RED & MOONIE FOUND A HOME!!
STRAIGHT FROM PETS ALIVE WEBSITE here's what was posted when Red & Moonie needed to be adopted:
We estimate Red, a petite Redbone Coonhound mix, to be 8 yrs old and approx. 55lbs. Red is completely dependent upon Moonie as her seeing eye dog so they must stay together for her sake. Owning a blind dog is a very rewarding experience, having her companion & guardian would be double the blessing!
Moonie and Red from Pets Alive in NY
Moonie and Red (pictured above
) have been at the shelter almost a year. Red is blind and Moonie was her "seeing-eye" dog. He took very good care of her, and she depended on him a great deal. He would walk next to her on unfamiliar paths, so that their shoulders touched and she would know the way. He would nudge her to her food bowl, before going to eat his own food. He wo uld help her into her dog igloo when it was chilly, and see her settled, before he settled himself. They had both been abandoned in a parking lot.
Moonie is an extremely friendly and silly guy! When you sit down on the floor, he approaches you and playfully tries to knock you over so he can lie next to you and demand a tummy rub! Red is constantly exploring, so eager to learn every area of every environment she is in. She walks with such pride and confidence that you cant help but find her personality inspiring.
Red hasn't let her blindness take her spirit; she loves the sound of a friendly voice and relishes a good back scratching! Moonie & Red are so HAPPY all of the time! They have GREAT manners, walking on leash like a couple of pros. Volunteers and staff have a good feeling that this duo is housetrained as well! We also feel they would do just fine with cats. Moonie & Red have been together their entire lives. As Red developed blindness, Moonie stayed at her side. Her vision continued to deteriorate & she looked to her companion to guide her.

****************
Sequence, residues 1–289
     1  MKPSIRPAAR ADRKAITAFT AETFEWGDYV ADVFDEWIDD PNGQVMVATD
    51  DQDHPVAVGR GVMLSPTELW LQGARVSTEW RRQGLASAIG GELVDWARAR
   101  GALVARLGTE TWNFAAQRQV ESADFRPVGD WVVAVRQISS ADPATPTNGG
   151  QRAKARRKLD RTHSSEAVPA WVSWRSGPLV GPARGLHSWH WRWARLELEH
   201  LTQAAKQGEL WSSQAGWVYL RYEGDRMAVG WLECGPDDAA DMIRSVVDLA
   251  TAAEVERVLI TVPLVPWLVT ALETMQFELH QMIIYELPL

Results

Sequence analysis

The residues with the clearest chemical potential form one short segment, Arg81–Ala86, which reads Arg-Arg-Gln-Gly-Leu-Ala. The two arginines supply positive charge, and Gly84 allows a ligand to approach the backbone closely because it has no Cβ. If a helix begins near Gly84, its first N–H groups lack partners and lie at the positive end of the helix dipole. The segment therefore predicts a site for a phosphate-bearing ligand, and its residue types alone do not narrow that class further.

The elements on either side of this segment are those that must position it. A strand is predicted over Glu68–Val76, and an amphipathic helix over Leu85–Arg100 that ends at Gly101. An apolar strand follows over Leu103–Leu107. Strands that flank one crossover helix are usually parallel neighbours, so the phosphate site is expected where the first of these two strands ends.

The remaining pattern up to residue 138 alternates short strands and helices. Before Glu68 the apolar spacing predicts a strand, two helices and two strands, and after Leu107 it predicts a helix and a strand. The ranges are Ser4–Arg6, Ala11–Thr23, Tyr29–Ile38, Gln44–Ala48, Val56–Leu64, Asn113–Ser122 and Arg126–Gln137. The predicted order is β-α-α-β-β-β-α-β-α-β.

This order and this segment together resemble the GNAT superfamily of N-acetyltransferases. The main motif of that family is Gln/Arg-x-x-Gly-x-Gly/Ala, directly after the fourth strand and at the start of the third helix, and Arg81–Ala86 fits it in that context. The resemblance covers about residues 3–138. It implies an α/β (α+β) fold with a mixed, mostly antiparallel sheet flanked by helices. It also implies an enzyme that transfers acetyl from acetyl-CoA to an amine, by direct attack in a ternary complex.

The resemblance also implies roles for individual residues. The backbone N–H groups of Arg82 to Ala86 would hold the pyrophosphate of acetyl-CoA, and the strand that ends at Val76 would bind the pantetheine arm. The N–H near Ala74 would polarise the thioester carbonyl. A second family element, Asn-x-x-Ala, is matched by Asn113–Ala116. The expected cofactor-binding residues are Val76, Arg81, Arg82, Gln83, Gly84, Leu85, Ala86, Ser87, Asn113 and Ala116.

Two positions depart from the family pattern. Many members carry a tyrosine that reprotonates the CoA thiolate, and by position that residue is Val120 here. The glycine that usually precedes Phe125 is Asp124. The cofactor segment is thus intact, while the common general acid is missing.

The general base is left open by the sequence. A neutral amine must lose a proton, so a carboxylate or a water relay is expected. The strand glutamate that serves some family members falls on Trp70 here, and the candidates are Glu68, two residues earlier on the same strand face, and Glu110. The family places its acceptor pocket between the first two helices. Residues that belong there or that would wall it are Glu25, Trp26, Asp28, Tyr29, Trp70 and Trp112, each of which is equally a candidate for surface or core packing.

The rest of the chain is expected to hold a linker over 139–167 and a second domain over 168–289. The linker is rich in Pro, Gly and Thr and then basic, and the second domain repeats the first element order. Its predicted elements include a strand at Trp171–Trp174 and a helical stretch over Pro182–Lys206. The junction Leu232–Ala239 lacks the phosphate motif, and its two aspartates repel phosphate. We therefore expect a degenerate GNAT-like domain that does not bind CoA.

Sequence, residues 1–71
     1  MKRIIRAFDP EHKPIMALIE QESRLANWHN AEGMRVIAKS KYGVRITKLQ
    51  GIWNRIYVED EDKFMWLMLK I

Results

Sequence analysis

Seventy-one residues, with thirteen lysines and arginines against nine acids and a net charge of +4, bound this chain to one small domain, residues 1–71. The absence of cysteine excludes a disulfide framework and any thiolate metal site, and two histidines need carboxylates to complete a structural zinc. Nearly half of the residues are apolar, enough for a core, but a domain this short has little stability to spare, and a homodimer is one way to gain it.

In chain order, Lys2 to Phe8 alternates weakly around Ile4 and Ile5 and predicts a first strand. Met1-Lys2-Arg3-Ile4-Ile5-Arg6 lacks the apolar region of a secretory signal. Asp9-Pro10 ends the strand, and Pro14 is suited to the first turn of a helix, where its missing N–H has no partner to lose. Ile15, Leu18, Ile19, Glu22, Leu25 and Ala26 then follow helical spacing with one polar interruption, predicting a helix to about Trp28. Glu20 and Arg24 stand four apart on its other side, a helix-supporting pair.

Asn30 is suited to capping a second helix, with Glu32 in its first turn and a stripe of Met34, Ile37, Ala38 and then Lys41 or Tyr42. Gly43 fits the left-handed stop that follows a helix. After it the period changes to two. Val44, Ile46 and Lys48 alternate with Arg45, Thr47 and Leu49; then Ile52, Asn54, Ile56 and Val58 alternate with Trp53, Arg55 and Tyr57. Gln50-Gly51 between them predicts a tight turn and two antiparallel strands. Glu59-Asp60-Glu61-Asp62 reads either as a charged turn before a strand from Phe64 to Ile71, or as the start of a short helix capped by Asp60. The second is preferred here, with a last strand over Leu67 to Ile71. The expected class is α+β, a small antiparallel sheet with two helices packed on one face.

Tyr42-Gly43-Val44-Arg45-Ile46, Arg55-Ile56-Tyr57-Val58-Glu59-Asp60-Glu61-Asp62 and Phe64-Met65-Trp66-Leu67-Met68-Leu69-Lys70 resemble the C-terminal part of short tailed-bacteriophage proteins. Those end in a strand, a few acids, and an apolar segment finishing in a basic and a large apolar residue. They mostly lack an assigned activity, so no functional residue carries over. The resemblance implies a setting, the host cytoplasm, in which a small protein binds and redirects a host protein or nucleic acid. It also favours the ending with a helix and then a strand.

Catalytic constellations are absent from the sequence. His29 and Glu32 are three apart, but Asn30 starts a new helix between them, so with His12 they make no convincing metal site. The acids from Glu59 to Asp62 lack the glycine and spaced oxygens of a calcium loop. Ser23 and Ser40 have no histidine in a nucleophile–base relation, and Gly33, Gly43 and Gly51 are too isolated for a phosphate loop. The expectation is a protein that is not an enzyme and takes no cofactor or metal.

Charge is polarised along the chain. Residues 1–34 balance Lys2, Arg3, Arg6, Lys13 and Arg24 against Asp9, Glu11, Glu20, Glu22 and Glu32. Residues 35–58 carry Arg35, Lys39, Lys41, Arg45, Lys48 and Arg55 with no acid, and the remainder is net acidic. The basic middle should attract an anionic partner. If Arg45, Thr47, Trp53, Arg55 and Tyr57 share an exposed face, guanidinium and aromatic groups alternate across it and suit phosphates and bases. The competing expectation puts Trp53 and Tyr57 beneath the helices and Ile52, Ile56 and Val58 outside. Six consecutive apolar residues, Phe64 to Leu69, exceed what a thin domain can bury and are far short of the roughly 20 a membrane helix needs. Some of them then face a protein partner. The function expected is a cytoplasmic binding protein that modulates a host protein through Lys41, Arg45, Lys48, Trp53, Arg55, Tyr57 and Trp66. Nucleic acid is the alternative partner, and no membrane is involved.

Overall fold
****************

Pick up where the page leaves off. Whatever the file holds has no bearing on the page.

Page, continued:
We did have Red tested to see if surgery could restore her site, but sadly, pre-operative testing showed that even with cataract surgery, her retinas were too damaged to allow her to see again. She is still as happy as could be with her best buddy, Moonie! He continues to be her beacon of light even though she now exists in complete darkness. Where there is one, the other is right there, exploring the world together.
Our hope for them is a long & happy life with a family who will cherish them, as much as they cherish each other. Please open your mind, heart, and home to this duo, they deserve it, more than we will ever know! To fill out an adoption application for Moonie & Red, please fill out an adoption application
and we will get you right in to meet them! (Note: somany people love these two that their entire adoption fee is coveredby sponsors).
THE GREAT NEWS!
It took a long time but they finally found their perfect home this week, and even have kids with which to play! We are so happy for them both, and grateful to the family that saw their worth!
IFAW is truly grateful to The Animal Rescue Site, which enables us to help animals in crisis around the world. - I. Robinson
Dear Governor Parnell,
As a supporter of Defenders of Wildlife and someone who cares about sound wildlife management, I strongly urge you to withdraw your support for the use of aircraft to hunt and kill Alaska's wolves and bears.
Alaska is well known for its amazing wildlife and stunning natural beauty. It is appalling that your office and others in the state government continue to sanction the brutal aerial hunting of the state's majestic wolves and bears in nearly 60,000 square miles of the state.
As I am sure you are aware, aerial hunting was outlawed by the federal government in 1972. Yet Alaska officials continue to skirt the law and permit aerial hunting, claiming that this terrible practice is necessary for wildlife management -- an assertion that is not supported by available data on wildlife population numbers.
This unwarranted program often leads to inhumane deaths, with hunters in low-flying aircraft shooting down wolves from the air, or chasing them to the point of exhaustion, landing, and killing the animal at close range.
This was an email CHANGE.ORG sent to me this morning:
clicking here takes you to Change.org
"Puppy mills" are large-scale commercial operations where dozens of dogs are kept in small cages for their entire lives, forced to give birth to litter after litter until they're no longer fertile, at which point they're usually killed. Puppy mills are unsafe, inhumane, and produce thousands of puppies with serious health problems every year.
Now, puppy mills have found a national vendor: eBay.
A few years ago, eBay had plans to sell animals via online auction. Responsible breeders would never sell dogs via online auction, so this would have resulted in the site becoming a haven for puppy mills. eBay users and anti-cruelty activists spearheaded -- and won -- the fight to prevent eBay from selling live animals.